The one that got away 

Fly fishing, family and that book

Page 3 of 4

My dad left my mom a few weeks before Thanksgiving in 2009. She called to tell me. Then he called. When this happened, my mom lived in a big house on a narrow street in Massachusetts. My dad spent weekdays at his architecture firm outside of New York, living in an apartment complex. He joined my mom most weekends. My mom spent most of her time alone, in bed, sometimes sick from her kidney and on dialysis, sometimes sick from her pancreatitis, sometimes sick from the infection in her urinary tract. She was always too sick to draw. But what made her depressed, what made her scream into the phone and cry and wail and slam doors and collapse in a heap on the floor, was her husband in his apartment in Connecticut and her son so far away in Montana.

After the divorce, I talked to her daily, sometimes several times a day, and often, she was halfway incoherent. She would tell me that no one loved her. Sometimes that included me because I was selfish and inconsiderate and thought she was uneducated and dumb. She said I was too much like my dad.

A month after my dad left her, I flew back to New York to spend Christmas with her family on Long Island. A few days before I arrived, my mom disappeared. My uncle called the police. She wouldn't answer her phone. No one could find her. I don't know how many times I called her. We all called her, helpless because that's all we could do, and all she had to do was not answer. Finally, my cousin was able to hack into her email and find the hotel she was hiding in. She said she was sorry to make everyone worry. She told me I couldn't understand.

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Though A River spends much time describing moving water or the swirl of a feeding trout, what propels the narrative is Norman Maclean's relationship with his brother. Paul is a drinker, fighter and gambler. He owes money to the sort of people who don't fly fish. As the story unfolds, Paul's problems consume Norman, who feels helpless to help his brother. Toward the end of the story, Norman Sr. asks Norman about Paul. He tells Norman, "You are too young to help anybody and I am too old. By help I don't mean a courtesy. ... Help is giving part of yourself to somebody who comes to accept it willingly and needs it badly. So it is that we can seldom help anybody."

A few weeks after her disappearance, my mom called my dad and told him she was going to kill herself. She was alone in the big house in Newburyport. My dad was at his apartment. He called the police. She could see the neighbors watching from their windows, she said, as the cops restrained her and put her in the back of a patrol car. She was admitted to a Boston-area hospital, where she was kept for a few days. I don't think my mom is suicidal. Someone told me once that suicidal people don't say they are going to kill themselves, because if you are willing to make such a claim, you are really pleading for help.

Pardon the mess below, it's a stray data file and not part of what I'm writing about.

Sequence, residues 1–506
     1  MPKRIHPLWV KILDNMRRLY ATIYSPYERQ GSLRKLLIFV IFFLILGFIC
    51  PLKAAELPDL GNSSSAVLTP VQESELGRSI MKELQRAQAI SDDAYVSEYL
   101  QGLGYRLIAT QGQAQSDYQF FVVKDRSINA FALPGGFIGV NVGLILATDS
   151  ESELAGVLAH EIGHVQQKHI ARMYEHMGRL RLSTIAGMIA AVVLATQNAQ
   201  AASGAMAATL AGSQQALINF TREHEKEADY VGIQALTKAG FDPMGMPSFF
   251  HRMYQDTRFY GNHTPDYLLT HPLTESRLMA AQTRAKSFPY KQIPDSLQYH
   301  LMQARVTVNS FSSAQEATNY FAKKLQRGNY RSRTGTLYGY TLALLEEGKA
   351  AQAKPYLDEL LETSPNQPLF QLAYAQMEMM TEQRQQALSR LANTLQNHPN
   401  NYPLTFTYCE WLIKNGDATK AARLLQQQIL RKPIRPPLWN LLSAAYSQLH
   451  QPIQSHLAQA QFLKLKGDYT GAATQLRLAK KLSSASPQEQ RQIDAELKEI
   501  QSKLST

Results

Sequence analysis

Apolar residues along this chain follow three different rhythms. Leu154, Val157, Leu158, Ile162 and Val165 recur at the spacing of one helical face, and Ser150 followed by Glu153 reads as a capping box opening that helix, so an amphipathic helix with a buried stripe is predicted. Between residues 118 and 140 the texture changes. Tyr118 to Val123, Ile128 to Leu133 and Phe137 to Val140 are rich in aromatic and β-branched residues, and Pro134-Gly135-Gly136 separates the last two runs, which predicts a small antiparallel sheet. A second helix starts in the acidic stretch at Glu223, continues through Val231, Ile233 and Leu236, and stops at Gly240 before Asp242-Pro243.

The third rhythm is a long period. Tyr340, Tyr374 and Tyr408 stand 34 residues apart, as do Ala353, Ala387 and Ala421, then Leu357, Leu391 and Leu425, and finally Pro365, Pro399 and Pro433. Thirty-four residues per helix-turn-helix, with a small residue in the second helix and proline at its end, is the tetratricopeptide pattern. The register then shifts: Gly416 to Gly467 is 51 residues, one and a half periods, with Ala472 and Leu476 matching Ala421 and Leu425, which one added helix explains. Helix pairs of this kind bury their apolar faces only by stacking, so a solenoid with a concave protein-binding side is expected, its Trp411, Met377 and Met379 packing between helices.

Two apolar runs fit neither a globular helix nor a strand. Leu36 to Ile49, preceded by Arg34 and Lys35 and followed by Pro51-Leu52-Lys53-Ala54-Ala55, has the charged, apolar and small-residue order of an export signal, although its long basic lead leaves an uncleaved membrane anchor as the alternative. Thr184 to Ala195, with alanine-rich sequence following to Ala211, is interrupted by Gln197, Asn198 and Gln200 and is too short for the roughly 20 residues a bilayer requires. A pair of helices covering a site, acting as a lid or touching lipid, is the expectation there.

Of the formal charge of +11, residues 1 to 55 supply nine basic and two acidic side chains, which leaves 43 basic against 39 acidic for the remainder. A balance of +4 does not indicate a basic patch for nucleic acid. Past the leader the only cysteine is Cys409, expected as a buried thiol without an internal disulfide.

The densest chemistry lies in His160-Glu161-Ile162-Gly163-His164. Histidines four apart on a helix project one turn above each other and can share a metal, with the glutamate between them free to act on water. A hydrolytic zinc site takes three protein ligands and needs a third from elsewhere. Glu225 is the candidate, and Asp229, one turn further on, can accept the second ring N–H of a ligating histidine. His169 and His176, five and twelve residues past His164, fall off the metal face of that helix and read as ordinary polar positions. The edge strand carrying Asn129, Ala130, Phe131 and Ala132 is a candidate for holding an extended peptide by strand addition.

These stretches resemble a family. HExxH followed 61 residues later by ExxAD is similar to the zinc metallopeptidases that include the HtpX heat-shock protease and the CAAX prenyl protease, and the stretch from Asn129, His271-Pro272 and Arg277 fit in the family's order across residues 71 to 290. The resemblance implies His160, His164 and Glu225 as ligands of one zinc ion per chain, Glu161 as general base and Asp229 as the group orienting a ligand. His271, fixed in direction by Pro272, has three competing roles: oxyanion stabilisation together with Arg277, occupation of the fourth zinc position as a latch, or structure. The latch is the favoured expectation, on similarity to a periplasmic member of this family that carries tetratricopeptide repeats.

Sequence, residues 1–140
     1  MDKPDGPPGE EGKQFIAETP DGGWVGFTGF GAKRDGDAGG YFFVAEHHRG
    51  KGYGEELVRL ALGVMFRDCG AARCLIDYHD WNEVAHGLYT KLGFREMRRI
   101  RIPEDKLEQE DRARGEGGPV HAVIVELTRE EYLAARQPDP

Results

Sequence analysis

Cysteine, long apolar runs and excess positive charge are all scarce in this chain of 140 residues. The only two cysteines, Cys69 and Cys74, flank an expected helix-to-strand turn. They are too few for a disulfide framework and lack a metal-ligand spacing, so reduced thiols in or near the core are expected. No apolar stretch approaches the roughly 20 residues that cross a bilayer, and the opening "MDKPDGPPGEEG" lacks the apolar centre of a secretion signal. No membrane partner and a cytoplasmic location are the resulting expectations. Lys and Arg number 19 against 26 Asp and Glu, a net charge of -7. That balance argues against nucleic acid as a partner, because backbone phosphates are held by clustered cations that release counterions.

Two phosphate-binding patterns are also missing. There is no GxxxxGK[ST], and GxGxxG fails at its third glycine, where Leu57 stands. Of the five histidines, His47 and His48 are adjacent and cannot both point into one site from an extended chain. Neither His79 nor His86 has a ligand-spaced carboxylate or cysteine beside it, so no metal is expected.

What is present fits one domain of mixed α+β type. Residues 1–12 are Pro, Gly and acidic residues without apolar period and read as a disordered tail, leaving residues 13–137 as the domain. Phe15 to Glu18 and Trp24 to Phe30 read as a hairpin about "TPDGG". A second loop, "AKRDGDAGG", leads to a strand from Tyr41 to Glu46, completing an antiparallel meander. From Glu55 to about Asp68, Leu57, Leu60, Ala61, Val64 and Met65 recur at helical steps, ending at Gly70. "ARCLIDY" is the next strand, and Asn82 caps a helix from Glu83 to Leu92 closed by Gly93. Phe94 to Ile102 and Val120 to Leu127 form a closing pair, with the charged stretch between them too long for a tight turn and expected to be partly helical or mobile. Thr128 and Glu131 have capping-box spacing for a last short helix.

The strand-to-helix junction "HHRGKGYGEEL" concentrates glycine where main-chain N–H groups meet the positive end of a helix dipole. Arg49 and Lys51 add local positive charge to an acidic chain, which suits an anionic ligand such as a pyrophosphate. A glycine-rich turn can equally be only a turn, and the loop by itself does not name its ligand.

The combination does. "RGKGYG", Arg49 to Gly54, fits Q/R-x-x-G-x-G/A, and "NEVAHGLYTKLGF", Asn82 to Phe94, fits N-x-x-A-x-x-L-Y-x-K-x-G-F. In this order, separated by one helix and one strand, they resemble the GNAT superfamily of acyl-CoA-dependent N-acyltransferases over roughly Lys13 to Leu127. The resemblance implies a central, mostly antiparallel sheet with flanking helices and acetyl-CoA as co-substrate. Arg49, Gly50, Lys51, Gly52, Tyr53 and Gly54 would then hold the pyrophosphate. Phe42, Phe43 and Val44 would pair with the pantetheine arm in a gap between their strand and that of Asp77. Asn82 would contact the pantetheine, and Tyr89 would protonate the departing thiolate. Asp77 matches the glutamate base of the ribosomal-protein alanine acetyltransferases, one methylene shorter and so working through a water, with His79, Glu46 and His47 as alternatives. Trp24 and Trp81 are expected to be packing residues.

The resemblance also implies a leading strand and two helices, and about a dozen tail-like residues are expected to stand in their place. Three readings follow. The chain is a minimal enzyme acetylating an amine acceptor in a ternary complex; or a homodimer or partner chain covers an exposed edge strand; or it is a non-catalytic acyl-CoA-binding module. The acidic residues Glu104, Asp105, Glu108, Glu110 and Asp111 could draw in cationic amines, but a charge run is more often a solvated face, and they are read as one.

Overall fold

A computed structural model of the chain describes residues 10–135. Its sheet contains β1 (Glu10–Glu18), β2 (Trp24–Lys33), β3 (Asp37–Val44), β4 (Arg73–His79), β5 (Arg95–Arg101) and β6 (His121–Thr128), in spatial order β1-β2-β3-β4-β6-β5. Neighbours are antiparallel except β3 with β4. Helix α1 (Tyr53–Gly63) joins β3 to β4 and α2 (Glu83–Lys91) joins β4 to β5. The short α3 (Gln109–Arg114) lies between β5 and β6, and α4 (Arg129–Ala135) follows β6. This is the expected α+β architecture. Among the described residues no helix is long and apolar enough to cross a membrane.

click to enlarge ILLUSTRATION BY KOU MOUA

For a time, I staved off the guilt of being so far away from her with daily phone calls and a general commitment to being there for her. I listened to her rage and wither and rage over the phone. Her anger was aimed at my dad, sometimes at me. Conversations with her were manic; rational and constructive, then desperate. She didn't just miss my dad; it's that she was helpless to stop the upheaval. Nothing made sense to her. She didn't make sense to me. I didn't know how to help her, and in any compassionate sense of the word, I stopped wanting to. A piece of me wanted her suffering to stop only so my suffering could stop. After a day on the river, I'd check my voicemail with bated breath, feeling relieved if none of the messages were from her. I questioned my love for her, whether the love a son is supposed to feel for his mother is no more cosmic or intrinsic than a love forged by years of proximity, and if that love isn't as shakable as any other.

My dad already had a new girlfriend. I don't know when they started dating, but I've speculated and I've concluded that I don't care, that I can't care. What did matter is that in the months following his departure from my mom's life, absurdly, unbelievably, he seemed happy. And so, when my mom needed me most and I had nothing to offer, my dad didn't need me at all.

During the worst of the divorce, when my mom was somewhere near the bottom, my dad would call to check in. "I know this is hard for you, Jamie," he'd say, "and if you ever want to talk, it's important we talk."

"I know, thanks" was all I ever mustered.

I didn't think his offer was disingenuous, but usually I felt too frustrated to say anything at all. It was easier to nod and say thanks and agree that this was all very hard and that someday it would get better.

When it came time to move out of her house, the packing was left to my mom and a team of movers. My dad went skiing in Colorado. I was in Missoula, studying creative writing and making plans for my next river trip. I called him and asked why he thought it was okay to be on vacation while my mom was packing up their defunct lives. Until then, he had been the voice of reason and calmness against her wild outbursts, but now he seemed as selfish and inconsiderate as my mom said he was—and as I felt I was being.

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